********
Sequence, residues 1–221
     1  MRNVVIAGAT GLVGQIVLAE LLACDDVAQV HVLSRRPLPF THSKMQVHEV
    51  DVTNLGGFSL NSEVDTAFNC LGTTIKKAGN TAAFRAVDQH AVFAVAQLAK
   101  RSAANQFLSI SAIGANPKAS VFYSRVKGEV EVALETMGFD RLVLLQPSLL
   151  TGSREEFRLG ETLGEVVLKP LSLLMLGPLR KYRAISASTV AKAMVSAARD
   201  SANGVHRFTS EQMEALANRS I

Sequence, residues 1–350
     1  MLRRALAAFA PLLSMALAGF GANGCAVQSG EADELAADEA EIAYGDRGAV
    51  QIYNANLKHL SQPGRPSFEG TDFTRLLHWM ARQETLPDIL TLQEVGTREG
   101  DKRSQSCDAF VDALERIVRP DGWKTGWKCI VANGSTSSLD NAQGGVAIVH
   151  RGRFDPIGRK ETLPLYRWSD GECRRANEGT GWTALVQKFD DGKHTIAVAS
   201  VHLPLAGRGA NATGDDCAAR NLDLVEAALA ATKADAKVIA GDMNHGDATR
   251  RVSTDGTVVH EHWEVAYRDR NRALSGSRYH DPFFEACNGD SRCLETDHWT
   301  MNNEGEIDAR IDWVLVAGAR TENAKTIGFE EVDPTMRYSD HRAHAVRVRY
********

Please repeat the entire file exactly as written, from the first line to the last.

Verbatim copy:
Sequence, residues 1–221
     1  MRNVVIAGAT GLVGQIVLAE LLACDDVAQV HVLSRRPLPF THSKMQVHEV
    51  DVTNLGGFSL NSEVDTAFNC LGTTIKKAGN TAAFRAVDQH AVFAVAQLAK
   101  RSAANQFLSI SAIGANPKAS VFYSRVKGEV EVALETMGFD RLVLLQPSLL
   151  TGSREEFRLG ETLGEVVLKP LSLLMLGPLR KYRAISASTV AKAMVSAARD
   201  SANGVHRFTS EQMEALANRS I

Sequence, residues 1–350
     1  MLRRALAAFA PLLSMALAGF GANGCAVQSG EADELAADEA EIAYGDRGAV
    51  QIYNANLKHL SQPGRPSFEG TDFTRLLHWM ARQETLPDIL TLQEVGTREG
   101  DKRSQSCDAF VDALERIVRP DGWKTGWKCI VANGSTSSLD NAQGGVAIVH
   151  RGRFDPIGRK ETLPLYRWSD GECRRANEGT GWTALVQKFD DGKHTIAVAS
   201  VHLPLAGRGA NATGDDCAAR NLDLVEAALA ATKADAKVIA GDMNHGDATR
   251  RVSTDGTVVH EHWEVAYRDR NRALSGSRYH DPFFEACNGD SRCLETDHWT
   301  MNNEGEIDAR IDWVLVAGAR TENAKTIGFE EVDPTMRYSD HRAHAVRVRY